Listen to Chris Jones discuss ‘The Dance of Death’ and its relationship to the poems in ‘Death and the Gallant’ (recorded at St. Mary Magdalene church, Newark-on-Trent, 19 Sept 2014):
2: ‘The Last Judgement’, Emma Bolland
(St Andrew’s, Pickworth, Lincolnshire)
I point at sinister and say to Brown
there’s ones like you, stewing in sex…
But Hell’s not prised for Brown’s gathered elect.
And you, old man, do you rise or go down?
What shape does the devil take? What is the colour of evil? How much ‘dark matter’ does it take to weigh us down? In the ‘Doom’ painting (a name often given to depictions of the last judgement), dated to 1380 and filling the entire Chancel Arch in St Andrew’s church in Pickworth, a ‘swim of souls’ (Jones, ibid.) ascending into heaven are counterbalanced by a suffocating net of the damned, hauled hopeless into the gaping maw of Hell. The landscape of heaven sitting to the right hand of Christ is a noncommittal pastoral. How does one depict that hazy notion of Nirvana? The environs of evil, both figuratively and literally speaking, are on the other hand, even in their abraded, ‘desecrated’ state, vividly drawn with cauldrons, flames and leering demons of unequivocal iconography. Evil is easily described and given shape. We see it clearly, located in our particular visions of ‘the other’, formed in the image of that which is not us.
… Brown works the whitewash,
and just for good measure, cuts Mary’s face.
The word ‘blasphemous’ comes to us from the Greek: blapsis = evil + phēmē = speech. To be blasphemous is to speak (and I include the word of ‘image’ here) evil. Within the institutional structures of faith, the malevolent utterance is defined in relation to that which is sacred; or, more importantly, those linguistic or visual devices adopted to serve such definitions, and in some interpretations, will constitute a sin that is beyond redemption. The new Protestantism of the Reformation had to differentiate itself from that which it now positioned as the other – Catholicism – by adopting the word as its definitive tool. It became the faith of scripture, of language, and thus the Catholic emphasis on the visual, the figurative representation of doctrine through painting and statuary, had to be condemned as idolatrous and blasphemous in the extreme. Particular attention was paid to the head, the face and ultimately the gaze. The common iconoclastic belief was that evil could enter in through the eyes, by implication suggesting that evil was therefore emitted from the eyes of the idol, evoking primitive anxieties regarding the sorcerous, hypnotic stare. Statues were not merely smashed, they were beheaded; faces not simply painted over – first, their eyes were gouged out. The paradox is that whilst the paintings and statues were condemned as superstitious, superstitious actions were required to properly destroy them.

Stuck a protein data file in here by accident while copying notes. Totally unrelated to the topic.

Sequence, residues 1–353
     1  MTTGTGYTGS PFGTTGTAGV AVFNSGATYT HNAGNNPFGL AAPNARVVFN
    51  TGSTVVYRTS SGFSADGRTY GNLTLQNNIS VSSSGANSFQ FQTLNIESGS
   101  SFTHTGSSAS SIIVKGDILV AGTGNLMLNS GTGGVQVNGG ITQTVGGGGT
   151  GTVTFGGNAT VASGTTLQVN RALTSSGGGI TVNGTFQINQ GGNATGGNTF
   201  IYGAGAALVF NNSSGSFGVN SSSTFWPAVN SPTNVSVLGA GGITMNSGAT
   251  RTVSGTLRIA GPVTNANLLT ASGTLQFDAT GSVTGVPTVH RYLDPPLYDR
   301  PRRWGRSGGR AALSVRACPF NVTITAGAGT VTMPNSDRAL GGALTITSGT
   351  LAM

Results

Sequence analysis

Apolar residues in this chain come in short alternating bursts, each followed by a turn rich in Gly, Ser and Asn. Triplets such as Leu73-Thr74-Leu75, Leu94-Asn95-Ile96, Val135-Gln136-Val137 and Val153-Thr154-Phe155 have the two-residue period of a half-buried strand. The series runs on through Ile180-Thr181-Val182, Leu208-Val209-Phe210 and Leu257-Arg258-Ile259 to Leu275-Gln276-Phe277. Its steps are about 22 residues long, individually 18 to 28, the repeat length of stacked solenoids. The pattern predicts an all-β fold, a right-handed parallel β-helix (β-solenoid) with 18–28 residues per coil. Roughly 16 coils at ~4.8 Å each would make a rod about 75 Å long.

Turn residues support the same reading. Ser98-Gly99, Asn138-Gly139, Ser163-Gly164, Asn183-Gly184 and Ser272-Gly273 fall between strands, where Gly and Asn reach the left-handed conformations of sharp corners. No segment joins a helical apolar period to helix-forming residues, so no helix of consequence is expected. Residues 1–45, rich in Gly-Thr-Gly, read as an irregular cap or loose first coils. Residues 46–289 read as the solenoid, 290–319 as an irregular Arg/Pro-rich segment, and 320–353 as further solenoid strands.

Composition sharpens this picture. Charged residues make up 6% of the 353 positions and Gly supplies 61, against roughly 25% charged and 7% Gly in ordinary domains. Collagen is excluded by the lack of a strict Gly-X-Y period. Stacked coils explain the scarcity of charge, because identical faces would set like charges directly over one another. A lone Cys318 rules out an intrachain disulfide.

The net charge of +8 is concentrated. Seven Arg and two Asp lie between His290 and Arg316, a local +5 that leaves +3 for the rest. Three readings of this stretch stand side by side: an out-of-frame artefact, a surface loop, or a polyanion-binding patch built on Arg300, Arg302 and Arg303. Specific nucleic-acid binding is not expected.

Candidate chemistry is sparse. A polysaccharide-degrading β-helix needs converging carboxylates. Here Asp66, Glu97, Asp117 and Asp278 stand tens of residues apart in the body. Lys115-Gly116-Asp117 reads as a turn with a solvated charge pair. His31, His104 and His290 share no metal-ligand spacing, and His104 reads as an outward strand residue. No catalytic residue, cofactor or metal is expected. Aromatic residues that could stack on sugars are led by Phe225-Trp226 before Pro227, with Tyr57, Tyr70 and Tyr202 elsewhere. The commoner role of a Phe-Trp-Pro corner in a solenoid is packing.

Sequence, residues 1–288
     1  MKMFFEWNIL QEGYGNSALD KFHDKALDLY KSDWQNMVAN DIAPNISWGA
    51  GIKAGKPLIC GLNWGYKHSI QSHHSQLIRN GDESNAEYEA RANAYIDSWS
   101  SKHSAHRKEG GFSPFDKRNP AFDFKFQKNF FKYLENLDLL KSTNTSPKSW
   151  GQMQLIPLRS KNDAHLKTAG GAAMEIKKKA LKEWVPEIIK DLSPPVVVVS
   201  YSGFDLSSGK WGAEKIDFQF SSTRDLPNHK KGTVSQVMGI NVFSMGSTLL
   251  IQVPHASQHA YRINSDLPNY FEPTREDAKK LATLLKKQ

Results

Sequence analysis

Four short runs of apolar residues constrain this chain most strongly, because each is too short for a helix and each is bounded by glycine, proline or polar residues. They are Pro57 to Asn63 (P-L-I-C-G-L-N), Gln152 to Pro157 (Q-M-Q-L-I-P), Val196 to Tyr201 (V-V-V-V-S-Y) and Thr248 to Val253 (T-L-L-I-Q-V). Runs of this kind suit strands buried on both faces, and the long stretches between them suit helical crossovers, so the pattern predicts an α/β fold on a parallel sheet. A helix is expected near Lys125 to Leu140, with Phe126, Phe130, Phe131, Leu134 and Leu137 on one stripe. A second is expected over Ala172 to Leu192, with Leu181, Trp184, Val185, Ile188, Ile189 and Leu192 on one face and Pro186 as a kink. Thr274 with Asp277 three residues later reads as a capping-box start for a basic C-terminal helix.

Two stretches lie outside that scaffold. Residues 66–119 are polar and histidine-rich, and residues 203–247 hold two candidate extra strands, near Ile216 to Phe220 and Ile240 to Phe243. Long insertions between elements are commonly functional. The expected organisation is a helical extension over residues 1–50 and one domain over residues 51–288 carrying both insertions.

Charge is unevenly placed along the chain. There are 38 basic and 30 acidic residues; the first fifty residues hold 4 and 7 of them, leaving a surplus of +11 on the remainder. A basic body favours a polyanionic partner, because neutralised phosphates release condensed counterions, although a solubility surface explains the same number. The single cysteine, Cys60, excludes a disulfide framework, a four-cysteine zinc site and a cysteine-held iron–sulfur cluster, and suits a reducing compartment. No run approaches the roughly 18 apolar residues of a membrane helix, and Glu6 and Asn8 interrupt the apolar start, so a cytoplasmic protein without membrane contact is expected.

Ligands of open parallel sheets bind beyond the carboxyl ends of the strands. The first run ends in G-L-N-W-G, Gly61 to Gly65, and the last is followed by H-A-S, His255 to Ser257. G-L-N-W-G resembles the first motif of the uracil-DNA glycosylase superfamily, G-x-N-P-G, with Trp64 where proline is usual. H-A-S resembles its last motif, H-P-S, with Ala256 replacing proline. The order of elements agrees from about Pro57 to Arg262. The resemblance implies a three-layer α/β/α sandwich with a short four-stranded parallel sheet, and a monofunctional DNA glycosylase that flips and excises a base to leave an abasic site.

Snow falls on fire. Saved and damned lie buried
under snow. Christ and his colours
The pre-Reformation supplicant would have sat (or more commonly stood) within a space ablaze with colour. Paintings, statues, decorative ornament flooding their visual field with an unruly display that has more in common with the murals and paintings of a Latin American Day of the Dead or Mardi Gras, than with the spare anti-iconographic aesthetic that we now identify with the Anglican Church. Even in its abraded and faded state, the paintings at Pickworth were shocking and seductive, the smallest trace of pigment conjuring their original saturated viscerality. On our secular September pilgrimage, the Romantic decay of the images and the place allowed us to be lost in wonder – at times I was speechless at these extraordinary sights, flooded with gratitude and emotion at the privilege of standing beneath them – whilst distancing ourselves from the implications of the doctrine for our personal and political selves. Fading chevrons glancing along the stones, the elusive half-shy face of the Madonna peeping sweetly from the interior gloom: my eyes pricked at such things. We stood, enraptured, outside of history – we, who most certainly would have been amongst the damned.
Listen to Chris Jones and Emma Bolland discuss ‘The Last Judgement’ and the poems in ‘Death and the Gallant’ (recorded at St Andrew’s, Pickworth, Lincs, 19 Sept 2014):
3: ‘The Shepherds of Corby Glen’, Chris Jones
(St John the Evangelist’s Church, Corby Glen, Lincolnshire)
I trail my shadow round this Lord’s demesne –
closed cottages, forge, tavern, farm…